Before using liotrix, you should know about some of the risks and benefits associated with this medication. You should not use liotrix if you are allergic to any of its active ingredients or if you have thyrotoxicosis, a history of heart attack or adrenal gland problems that have not been treated. Liotrix should never be used for weight loss, as large doses of liotrix can cause severe and life-threatening side effects. Additionally, certain medical conditions and medications can increase your chances for complications associated with liotrix.
Medical conditions that may interact with liotrix include: allergies, surgery, pregnancy, breastfeeding, high blood pressure, overactive thyroid, underactive thyroid, heart disease, diabetes and myxedema. Medications that may interact adversely with liotrix include: estrogen, iron salts, androgens, oral steroids, antidepressants, oral contraceptives, carbamazepine, cholestyramine, St. John's Wort, blood thinners, digitalis glycosides, hypoglycemics and insulin. This is not an exhaustive list of possible interactive drugs and conditions.
Before you begin taking this or any other medication, you should talk to your doctor about possible interactions existing between your medications and medical conditions.
1 AnswerDr. Omudhome Ogbru, PharmD , Pharmacy, answered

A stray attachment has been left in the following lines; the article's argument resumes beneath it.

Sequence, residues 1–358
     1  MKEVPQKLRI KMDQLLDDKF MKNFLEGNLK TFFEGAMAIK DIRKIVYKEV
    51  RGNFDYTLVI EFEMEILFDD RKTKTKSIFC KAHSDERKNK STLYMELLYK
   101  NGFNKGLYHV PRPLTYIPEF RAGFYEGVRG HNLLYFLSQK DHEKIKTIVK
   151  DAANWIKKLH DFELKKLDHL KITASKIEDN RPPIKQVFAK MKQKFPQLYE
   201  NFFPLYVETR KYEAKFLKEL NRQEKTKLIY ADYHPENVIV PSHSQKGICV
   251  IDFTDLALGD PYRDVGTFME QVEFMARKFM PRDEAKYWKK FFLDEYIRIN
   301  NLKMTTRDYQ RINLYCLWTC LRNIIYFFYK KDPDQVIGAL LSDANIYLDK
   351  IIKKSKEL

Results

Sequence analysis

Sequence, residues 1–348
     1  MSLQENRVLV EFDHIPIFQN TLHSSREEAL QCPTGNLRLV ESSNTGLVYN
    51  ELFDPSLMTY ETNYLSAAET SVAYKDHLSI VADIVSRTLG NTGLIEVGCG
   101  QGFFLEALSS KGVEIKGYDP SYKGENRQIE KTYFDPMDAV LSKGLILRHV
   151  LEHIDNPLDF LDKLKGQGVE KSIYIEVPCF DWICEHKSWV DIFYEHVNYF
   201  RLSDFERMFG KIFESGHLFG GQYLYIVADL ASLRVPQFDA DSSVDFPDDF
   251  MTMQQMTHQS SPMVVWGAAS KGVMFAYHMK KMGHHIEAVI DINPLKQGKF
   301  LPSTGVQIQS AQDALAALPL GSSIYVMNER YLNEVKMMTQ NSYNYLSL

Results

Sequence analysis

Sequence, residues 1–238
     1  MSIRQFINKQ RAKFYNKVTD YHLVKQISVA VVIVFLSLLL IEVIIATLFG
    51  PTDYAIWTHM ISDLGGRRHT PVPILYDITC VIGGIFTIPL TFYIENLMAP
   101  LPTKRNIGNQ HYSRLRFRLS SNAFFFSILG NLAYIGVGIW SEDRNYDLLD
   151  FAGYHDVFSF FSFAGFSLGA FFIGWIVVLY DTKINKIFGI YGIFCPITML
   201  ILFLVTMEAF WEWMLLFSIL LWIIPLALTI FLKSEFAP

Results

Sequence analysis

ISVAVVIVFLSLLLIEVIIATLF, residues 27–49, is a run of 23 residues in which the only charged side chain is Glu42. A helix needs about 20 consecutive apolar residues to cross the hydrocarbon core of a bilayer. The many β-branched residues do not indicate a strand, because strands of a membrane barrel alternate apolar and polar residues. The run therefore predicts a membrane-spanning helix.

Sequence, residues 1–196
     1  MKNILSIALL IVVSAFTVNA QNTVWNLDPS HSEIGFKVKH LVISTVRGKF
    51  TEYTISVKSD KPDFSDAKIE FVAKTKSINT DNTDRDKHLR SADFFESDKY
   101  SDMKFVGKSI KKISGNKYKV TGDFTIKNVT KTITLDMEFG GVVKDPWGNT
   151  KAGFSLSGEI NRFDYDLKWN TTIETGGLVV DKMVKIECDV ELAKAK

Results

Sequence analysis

Thyroid hormone affects the function of the heart and other organs. Too much thyroid hormone may increase heart rate, cause an abnormal heart rhythm, heart attack, or heart failure. The Elderly and individuals that already have heart problems are more prone to developing heart related side effects from thyroid hormone replacement. The dose of thyroid hormone is usually adjusted if heart-related side effects develop or worsen.
1 AnswerYour pharmacist is one of the best people to turn to about how to store your medication properly, which is always crucial if it's going to function as effectively as possible. When it comes to thyroid (Armour Thyroid), your pharmacist will probably tell you this: do not keep it in the bathroom; heat/moisture can damage it. Instead, keep it at room temperature, tightly sealed in its original container. Make sure it's kept out of the reach of pets and children.
1 AnswerThere are quite a number of drugs that may not interact well with thyroid (Armour Thyroid). Here are just a few to discuss with your doctor:
- female hormone estrogen (found in hormone replacement therapy and birth control pills)
- diabetes medicines, both pills and insulin injections
- blood thinners (anticoagulants), most commonly warfarin (Coumadin)
- anti-seizure medicines including carbamazepine (Carbatrol, Epitol, Tegretol); phenobarbital (Luminal, Solfoton); and phenytoin (Dilantin, Phenytek)
- heart medicines including digoxin (Lanoxin)
- steroids such as dexamethasone (Decadron, Dexone, Dexpak)